Latest figures: FTSE 350 could fall short of women on boards target

26 June 2018 -

women boardroomCMI Women calls the current number of female business leaders ‘not good enough’

CMI Insights

FTSE 350 companies could fall short of the 33% diversity target they were encouraged to achieve by 2020 in the Hampton-Alexander Review – a Government-backed report from 2016.  

Updated figures released on 27 June 2018 by the Hampton-Alexander Review show that while the proportion of women on FTSE 100 boards is now 29%, this figure is just 25.5% for FTSE 350 companies. It means that almost one in two (around 40%) of all appointments need to go to women in the next two years for the target to be met. 

Heather Melville OBE CCMI, chair of CMI Women, has called the figures “just not good enough”. She said:

“Why is it that in 2018 achieving gender diversity in our leadership teams is not being made a business priority? Those employers lagging behind risk being outperformed by 21% compared to their competitors with diverse leadership teams.

“FTSE 350 companies should treat this as they would any other business initiative – set transparent targets for getting more women into senior roles, embrace necessary cultural changes and importantly, track the results. As we’ve seen with the gender pay gap reporting regulations, transparency provides the ability to benchmark progress. After all, what gets measured gets managed.”
Melville has called those women in senior leadership positions ‘role models’ for the next generation. 

“These women at the top of the ‘glass pyramid’ are the role models that the 66% of women in junior management roles need to inspire them, and to ensure companies are developing a pipeline of future female leaders,” she added.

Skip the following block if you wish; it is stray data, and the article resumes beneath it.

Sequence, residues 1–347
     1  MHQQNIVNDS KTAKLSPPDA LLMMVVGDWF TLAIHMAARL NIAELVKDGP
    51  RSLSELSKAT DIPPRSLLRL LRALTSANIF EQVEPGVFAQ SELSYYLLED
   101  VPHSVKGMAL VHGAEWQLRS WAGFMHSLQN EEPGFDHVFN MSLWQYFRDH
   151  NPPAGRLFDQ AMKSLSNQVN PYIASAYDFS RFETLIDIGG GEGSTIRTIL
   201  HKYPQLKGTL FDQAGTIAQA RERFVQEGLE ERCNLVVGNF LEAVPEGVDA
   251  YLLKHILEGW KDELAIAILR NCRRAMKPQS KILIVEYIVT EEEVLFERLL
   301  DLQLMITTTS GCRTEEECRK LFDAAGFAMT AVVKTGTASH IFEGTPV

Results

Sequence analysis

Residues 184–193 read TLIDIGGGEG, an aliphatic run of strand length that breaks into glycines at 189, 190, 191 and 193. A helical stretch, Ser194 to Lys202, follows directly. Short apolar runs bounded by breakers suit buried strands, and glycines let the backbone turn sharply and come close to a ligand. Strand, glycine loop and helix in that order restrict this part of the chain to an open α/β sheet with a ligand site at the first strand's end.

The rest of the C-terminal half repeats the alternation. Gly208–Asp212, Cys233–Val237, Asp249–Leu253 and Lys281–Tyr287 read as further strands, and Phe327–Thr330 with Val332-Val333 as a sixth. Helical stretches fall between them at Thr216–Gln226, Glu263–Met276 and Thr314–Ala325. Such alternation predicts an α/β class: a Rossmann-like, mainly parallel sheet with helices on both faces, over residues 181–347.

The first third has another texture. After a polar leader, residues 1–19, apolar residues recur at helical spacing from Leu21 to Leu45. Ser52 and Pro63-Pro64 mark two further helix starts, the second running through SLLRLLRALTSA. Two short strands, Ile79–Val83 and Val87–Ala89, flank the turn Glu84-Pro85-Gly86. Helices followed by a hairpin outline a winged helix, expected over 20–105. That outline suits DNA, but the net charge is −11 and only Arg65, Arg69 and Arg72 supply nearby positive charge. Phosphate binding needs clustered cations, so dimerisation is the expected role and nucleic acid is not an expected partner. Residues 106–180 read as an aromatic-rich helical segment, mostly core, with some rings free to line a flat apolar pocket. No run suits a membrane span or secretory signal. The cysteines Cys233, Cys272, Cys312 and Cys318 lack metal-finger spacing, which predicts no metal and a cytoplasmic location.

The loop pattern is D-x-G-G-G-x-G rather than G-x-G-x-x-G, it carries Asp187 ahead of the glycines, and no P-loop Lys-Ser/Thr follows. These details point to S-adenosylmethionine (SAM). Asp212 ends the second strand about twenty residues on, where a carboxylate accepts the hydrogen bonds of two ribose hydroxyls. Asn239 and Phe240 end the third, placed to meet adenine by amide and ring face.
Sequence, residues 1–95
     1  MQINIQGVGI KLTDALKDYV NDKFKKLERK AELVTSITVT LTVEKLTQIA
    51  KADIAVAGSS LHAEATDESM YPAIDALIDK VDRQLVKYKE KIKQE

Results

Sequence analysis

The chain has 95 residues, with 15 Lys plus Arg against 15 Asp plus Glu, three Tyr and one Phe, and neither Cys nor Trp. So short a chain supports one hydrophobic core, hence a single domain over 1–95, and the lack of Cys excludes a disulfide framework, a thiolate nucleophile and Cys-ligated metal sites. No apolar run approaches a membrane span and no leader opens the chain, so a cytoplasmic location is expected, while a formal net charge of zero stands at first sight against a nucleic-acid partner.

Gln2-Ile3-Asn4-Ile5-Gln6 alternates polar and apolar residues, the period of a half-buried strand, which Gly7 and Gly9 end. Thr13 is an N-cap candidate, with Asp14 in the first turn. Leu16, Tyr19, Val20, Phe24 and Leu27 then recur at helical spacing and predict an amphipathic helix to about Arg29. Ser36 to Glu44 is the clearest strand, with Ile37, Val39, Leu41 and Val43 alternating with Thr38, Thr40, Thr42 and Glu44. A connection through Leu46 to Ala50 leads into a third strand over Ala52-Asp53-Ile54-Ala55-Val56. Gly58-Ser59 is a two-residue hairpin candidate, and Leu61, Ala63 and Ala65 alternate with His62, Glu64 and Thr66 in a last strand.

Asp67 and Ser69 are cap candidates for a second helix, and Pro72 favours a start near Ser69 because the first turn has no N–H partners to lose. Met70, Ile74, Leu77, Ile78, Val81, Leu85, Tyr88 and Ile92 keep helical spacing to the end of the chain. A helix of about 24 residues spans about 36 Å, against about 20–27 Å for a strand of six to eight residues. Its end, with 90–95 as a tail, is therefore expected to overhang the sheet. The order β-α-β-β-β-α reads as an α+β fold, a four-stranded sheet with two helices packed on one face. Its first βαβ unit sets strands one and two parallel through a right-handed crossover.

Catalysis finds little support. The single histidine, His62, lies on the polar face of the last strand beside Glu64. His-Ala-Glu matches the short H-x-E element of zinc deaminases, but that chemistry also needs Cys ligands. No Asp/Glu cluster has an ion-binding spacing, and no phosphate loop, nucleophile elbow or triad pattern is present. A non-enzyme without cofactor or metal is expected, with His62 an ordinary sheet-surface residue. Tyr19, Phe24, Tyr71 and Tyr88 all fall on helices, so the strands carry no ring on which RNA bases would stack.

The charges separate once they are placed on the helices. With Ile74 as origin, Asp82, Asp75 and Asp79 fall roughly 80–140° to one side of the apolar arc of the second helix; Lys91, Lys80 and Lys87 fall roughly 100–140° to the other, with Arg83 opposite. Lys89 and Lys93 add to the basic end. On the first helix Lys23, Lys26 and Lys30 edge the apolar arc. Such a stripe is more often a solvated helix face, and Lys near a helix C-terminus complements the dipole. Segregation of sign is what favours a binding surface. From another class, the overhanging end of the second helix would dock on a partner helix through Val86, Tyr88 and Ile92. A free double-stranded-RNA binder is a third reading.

The Government has backed the report, as it believes that tackling the Gender Pay Gap will boost the British economy by £150bn by 2025. The difference in the mean pay between men and women at companies with more than 250 employees was attributed to the disproportionate number of women in low-level roles. It is hoped that transparency and targets for progression will improve diversity.

In the CMI’s own report Blueprint for Balance, the Chartered Management Institute called on gender equality to become a business issue: it insisted that 50% of business leaders should be female. 

Read more: These were the views of business leaders at the CMI Gender Pay Gap Debate

Heather Melville OBE CCMI is chair of CMI Women. Find out more about the CMI Women network.

Image: Shutterstock

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